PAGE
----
- The Japanese Circulation Society
- Circulation Journal (ISSN:13469843)
- vol.86, no.12, pp.1968-1979, 2022-11-25 (Released:2022-11-25)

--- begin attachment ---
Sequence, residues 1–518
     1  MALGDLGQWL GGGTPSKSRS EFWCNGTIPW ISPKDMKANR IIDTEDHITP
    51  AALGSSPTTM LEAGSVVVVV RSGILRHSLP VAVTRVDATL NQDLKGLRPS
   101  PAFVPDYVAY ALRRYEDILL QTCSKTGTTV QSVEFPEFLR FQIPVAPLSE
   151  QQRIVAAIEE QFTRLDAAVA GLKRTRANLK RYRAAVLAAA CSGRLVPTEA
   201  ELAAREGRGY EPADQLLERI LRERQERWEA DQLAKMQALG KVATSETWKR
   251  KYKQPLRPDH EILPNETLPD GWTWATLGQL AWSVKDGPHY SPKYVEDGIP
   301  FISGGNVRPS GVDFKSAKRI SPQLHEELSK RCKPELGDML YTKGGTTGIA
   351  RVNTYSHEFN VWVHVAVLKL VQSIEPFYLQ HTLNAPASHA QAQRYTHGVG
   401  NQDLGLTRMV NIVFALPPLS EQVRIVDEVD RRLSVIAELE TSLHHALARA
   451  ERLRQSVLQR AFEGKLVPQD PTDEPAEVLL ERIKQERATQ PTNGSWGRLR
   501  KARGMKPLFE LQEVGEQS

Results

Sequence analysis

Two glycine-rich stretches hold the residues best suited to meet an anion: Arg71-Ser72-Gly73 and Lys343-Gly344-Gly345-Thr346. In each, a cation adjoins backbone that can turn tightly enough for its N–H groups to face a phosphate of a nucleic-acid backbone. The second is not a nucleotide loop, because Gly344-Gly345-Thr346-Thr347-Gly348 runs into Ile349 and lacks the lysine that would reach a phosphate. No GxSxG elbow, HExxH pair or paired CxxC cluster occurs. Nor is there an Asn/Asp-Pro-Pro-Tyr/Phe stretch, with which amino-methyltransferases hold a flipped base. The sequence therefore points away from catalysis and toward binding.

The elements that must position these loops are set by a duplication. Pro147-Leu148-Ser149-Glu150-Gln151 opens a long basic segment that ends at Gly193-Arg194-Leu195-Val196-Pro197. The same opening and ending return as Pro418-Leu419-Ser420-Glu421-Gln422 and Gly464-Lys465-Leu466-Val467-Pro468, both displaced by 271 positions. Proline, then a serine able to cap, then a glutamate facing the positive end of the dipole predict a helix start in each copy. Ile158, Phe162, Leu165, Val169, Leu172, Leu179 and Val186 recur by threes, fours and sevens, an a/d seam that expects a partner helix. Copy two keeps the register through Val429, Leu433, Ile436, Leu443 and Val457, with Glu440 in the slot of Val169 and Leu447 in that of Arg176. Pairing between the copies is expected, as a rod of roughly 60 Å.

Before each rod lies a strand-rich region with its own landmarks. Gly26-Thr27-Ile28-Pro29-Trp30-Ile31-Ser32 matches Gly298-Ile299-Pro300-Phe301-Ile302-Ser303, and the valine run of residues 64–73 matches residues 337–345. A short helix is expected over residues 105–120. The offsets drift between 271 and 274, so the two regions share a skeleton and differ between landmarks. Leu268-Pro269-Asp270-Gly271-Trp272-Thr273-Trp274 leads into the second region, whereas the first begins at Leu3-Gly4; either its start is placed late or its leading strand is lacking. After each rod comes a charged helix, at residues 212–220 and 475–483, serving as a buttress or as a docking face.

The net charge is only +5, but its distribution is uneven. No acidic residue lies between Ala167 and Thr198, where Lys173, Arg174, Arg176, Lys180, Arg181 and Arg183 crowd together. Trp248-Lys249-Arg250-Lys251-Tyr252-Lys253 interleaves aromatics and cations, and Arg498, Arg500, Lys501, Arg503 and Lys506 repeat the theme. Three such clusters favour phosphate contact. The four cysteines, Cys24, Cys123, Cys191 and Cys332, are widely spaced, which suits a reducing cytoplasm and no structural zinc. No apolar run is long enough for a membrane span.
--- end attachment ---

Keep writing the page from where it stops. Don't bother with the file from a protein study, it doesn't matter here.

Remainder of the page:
Background: Non-contrast T1 hypointense infarct cores (ICs) within infarcted myocardium detected using cardiac magnetic resonance imaging (CMR) T1 mapping may help assess the severity of left ventricular (LV) injury. However, because the relationship of ICs with chronic LV reverse remodeling (LVRR) is unknown, this study aimed to clarify it.Methods and Results: We enrolled patients with reperfused AMI who underwent baseline CMR on day-7 post-primary percutaneous coronary intervention (n=109) and 12-month follow-up CMR (n=94). Correlations between ICs and chronic LVRR (end-systolic volume decrease ≥15% at 12-month follow-up from baseline CMR) were investigated. We detected 52 (47.7%) ICs on baseline CMR by non-contrast-T1 mapping. LVRR was found in 52.1% of patients with reperfused AMI at 12-month follow-up. Patients with ICs demonstrated higher peak creatine kinase levels, higher B-type natriuretic peptide levels at discharge, lower LV ejection fraction at discharge, and lower incidence of LVRR than those without ICs (26.5% vs. 73.3%, P<0.001) at follow-up. Multivariate logistic regression analysis showed that the presence of ICs was an independent and the strongest negative predictor for LVRR at 12-month follow-up (hazard ratio: 0.087, 95% confidence interval: 0.017–0.459, P=0.004). Peak creatine kinase levels, native T1 values at myocardial edema, and myocardial salvaged indices also correlated with ICs.Conclusions: ICs detected by non-contrast-T1 mapping with 3.0-T CMR were an independent negative predictor of LVRR in patients with reperfused AMI.